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Emergency Preparedness for Minimalists, Part 3: Last Stop Before Armageddon

“Look, there’s a great big hunk of world down there, with no fence around it.” — The Tramp to Lady, in Disney’s Lady and the Tramp

The Tramp is right, especially when it comes to emergency preparedness. Do an Internet search for “emergency preparedness” (or, for the bold, “survivalism” or “patriots” — but take your tinfoil with you!) and you get an unbelievable amount of information, ranging from the mainstream advice given by the American Red Cross (“Get a kit. Make a plan. Be informed”) to websites like Survivalblog (“The daily web log for prepared individuals living in uncertain times” — and written by a guy so adamant about security that he won’t tell anyone what state he lives in, let alone what town) and beyond.

All of this information can be fantastic if you know what you’re looking for. If you are just starting out and trying to figure out what to do next, it can be crippling. How far down the rabbit hole do you go? When do you stop? What’s useful and what’s just plain crazy?

The answer is simple: You decide what stop to get off at before you get on the train. This is important because if you ride this train as far as it will go, you will end up seeing if building codes in your neck of the woods allow you to do this.

Put another way: You need to decide not only what you are preparing for, but what you are not preparing for.

Let’s use me as an example again. (Isn’t it great that I’m so obliging?) In Part II, I said that our emergency preparedness plan covered:

  • Illness
  • Job loss
  • Temporary disability
  • House Fire
  • Wildfire
  • Earthquakes of the large and catastrophic persuasion
This list will guide my decision-making and prioritizing. It is my touchstone for where I want to go. Just as important, however, is the list of things that I am NOT preparing for. Minimalism is about setting limits on our life that empower us to live the lives we choose to live, not the lives that our stuff or activities choose for us. I only have so much time, energy and money, and want to spend it wisely. Keeping this in mind, I am NOT preparing for:
  • Armageddon (otherwise known as The End Of The World As We Know It, or TEOTWAWKI)
  • An eruption of the Yellowstone Supervolcano
  • An EMP attack on the continental United States. (Don’t know what an EMP is? Find out more here, then wish you hadn’t.)
  • A global shortage of toilet paper (because some things are too horrific to contemplate)
  • Zombie wars
If the list of Things I’m Preparing For gets me started and keeps me focused, this list of Things I’m Not Preparing For gives me an outer boundary of reasonable preparedness, a stopping point so I’ll know when the job is done. If I didn’t have it, I might now know how many cases of canned goods were enough, or whether or not buying a generator was a good idea, or if I should buy a bunch of pool chlorine so that I could treat water if our municipal supply failed (short answer to this last one: no). Caught up in the urgency of emergency preparedness, I might take the train all the way to Armageddon Station, which is much farther than I want to go on this trip. My list of What I’m Not Preparing For is there to remind me to get off the train when it’s time, while there’s still empty space under my bed and I’m not trying to find a place to store a generator and tanks of gasoline to run it.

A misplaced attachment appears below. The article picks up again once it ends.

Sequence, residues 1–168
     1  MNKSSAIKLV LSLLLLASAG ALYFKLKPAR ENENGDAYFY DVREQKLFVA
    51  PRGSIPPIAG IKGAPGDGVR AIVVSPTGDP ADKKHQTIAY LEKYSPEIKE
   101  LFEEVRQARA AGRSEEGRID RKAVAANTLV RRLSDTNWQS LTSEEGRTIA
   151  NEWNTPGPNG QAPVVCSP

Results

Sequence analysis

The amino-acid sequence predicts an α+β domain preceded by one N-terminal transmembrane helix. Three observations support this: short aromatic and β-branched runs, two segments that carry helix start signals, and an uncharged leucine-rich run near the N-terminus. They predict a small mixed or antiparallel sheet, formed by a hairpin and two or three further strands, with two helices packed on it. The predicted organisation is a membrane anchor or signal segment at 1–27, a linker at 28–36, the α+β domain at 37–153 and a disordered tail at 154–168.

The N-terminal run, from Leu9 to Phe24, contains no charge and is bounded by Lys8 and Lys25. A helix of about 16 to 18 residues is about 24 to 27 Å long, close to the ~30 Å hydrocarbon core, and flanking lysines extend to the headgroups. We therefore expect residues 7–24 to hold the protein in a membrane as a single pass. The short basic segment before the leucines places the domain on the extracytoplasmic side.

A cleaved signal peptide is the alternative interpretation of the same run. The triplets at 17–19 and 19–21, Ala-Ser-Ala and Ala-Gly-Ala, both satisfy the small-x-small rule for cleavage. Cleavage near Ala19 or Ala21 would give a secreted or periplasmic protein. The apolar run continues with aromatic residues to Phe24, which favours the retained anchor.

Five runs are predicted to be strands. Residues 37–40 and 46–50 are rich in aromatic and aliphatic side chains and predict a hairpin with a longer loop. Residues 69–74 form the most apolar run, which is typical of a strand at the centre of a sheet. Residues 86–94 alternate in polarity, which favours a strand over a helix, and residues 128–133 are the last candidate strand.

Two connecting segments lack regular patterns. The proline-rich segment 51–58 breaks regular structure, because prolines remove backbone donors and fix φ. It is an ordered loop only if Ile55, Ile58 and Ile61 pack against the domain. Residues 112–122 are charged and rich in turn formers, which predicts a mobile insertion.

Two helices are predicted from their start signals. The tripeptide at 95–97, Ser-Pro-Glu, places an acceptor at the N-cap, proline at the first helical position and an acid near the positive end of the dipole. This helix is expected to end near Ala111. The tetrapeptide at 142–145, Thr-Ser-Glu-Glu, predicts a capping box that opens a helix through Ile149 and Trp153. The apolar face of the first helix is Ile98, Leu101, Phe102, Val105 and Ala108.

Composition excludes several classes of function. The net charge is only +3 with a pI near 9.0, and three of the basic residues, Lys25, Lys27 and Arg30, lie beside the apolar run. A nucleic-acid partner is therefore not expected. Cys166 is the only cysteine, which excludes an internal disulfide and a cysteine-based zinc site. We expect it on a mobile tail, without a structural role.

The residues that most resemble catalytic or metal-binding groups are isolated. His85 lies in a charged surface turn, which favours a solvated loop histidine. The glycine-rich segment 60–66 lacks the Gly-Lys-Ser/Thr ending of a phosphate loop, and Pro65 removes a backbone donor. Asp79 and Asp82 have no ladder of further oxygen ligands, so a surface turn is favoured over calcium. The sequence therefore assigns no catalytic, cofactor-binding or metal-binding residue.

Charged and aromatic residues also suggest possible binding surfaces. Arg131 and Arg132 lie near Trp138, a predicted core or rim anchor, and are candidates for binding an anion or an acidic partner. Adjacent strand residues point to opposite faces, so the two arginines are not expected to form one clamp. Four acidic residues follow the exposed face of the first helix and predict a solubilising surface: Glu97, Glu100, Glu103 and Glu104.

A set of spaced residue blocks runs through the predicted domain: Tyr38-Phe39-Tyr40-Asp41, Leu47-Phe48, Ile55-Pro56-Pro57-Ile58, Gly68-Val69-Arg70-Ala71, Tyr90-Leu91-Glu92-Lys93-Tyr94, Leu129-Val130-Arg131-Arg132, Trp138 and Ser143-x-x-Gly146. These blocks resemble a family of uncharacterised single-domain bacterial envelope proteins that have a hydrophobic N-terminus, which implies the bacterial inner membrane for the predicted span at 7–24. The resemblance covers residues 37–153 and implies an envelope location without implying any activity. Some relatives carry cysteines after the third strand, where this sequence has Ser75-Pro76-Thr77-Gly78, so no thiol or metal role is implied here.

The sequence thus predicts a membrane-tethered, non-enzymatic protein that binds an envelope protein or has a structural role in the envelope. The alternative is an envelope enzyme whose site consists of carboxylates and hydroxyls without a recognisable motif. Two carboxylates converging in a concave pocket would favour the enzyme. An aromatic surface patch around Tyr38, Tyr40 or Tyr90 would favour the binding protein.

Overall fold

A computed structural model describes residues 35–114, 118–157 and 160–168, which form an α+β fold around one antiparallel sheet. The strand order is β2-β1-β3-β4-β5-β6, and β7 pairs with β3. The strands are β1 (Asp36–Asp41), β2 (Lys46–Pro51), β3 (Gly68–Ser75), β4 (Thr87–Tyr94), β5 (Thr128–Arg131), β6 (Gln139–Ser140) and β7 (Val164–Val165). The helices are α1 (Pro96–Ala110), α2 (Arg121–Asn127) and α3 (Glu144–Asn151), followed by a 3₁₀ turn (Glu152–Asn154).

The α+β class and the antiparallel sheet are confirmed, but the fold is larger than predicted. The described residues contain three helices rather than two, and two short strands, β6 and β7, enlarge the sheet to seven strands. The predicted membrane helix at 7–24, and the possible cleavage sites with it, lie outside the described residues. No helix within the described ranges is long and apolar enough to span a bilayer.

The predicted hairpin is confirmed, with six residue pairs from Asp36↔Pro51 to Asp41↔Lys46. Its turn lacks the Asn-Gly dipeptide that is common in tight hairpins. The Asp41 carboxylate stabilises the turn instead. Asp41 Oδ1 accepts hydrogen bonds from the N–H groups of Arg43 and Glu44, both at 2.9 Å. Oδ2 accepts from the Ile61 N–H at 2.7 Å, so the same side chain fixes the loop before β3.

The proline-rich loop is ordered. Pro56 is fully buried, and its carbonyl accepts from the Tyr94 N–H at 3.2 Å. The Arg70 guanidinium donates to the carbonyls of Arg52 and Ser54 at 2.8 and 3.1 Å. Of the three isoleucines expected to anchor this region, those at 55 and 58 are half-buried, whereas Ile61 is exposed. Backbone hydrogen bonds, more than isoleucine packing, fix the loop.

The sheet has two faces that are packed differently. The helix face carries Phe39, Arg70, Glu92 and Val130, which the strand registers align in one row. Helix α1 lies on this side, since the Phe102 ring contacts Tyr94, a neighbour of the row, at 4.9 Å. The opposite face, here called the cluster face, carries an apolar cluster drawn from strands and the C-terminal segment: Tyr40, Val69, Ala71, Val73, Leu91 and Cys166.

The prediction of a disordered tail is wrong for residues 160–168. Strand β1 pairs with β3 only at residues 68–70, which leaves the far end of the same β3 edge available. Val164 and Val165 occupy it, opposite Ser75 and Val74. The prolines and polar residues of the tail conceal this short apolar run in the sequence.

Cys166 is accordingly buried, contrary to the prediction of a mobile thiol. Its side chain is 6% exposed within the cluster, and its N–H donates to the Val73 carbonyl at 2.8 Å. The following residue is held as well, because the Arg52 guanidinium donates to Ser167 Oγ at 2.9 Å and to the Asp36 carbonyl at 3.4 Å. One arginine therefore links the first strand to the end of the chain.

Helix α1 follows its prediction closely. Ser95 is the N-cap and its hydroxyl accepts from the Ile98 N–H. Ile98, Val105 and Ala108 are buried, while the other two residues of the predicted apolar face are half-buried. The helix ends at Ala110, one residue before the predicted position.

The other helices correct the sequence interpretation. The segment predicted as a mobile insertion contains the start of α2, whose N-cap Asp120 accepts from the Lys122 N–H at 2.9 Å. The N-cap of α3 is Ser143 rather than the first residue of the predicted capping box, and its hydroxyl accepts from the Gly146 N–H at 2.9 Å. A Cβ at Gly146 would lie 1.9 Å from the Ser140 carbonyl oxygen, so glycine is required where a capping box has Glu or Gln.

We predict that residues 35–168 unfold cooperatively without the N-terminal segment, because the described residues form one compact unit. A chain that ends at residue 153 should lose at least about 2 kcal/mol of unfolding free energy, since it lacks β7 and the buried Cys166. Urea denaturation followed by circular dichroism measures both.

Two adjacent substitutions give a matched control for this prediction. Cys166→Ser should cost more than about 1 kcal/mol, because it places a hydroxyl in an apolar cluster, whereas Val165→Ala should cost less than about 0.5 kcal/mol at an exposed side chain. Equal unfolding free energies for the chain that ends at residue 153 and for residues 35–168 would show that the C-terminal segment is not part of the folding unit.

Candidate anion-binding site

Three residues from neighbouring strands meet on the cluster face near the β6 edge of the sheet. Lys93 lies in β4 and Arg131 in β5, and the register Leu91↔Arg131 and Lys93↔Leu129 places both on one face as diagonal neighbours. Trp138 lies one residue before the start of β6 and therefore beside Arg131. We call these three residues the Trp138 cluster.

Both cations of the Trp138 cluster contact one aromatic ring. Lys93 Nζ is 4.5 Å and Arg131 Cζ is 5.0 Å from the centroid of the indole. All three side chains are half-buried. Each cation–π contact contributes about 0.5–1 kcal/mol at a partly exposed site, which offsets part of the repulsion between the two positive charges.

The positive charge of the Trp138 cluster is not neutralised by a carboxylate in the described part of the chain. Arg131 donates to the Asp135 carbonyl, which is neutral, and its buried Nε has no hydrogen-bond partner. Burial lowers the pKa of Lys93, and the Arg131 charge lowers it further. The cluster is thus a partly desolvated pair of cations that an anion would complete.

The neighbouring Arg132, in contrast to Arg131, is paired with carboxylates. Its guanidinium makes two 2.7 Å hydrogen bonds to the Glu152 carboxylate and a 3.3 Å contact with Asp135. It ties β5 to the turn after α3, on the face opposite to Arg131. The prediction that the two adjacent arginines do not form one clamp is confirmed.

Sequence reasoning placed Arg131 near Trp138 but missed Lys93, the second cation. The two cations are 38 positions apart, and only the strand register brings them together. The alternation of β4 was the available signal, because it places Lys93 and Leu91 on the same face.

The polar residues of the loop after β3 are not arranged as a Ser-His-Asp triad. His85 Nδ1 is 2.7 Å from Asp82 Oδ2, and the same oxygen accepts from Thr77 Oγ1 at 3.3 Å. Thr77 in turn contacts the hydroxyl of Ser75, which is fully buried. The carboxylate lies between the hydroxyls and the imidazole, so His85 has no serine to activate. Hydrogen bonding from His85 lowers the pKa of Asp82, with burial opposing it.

Here is where you take some time and decide what you are not going to prepare for. Maybe, like me, you’re not worried about a global toilet paper shortage, but you really like the idea of riding out the Apocalypse in your luxury underground bunker. That’s OK. Your boundaries are your own and may even change over time. But let’s just draw them somewhere for now. Write them down right below the list of things that you are going to prepare for.
Ready? Good. Now look at your two lists: You have a beginning point, and an ending point. That means it’s time to fill in the stuff in the middle. Onward to Part IV: Kit up!    

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One thought on “Emergency Preparedness for Minimalists, Part 3: Last Stop Before Armageddon

  1. Love this. I’ve known lots of people who just jump in without planning and have soon spent all their savings on something that will never happen. Plan for what might happen and decide what not to plan for. I like that last part the best. Seriously, there are just some things I won’t plan for.

    However, I’m pretty sure we’re somewhat prepared for the zombie war. My husband and a couple of my kids got swords recently in Chinatown. You know the best way to take out a zombie is to cut of its head, right?

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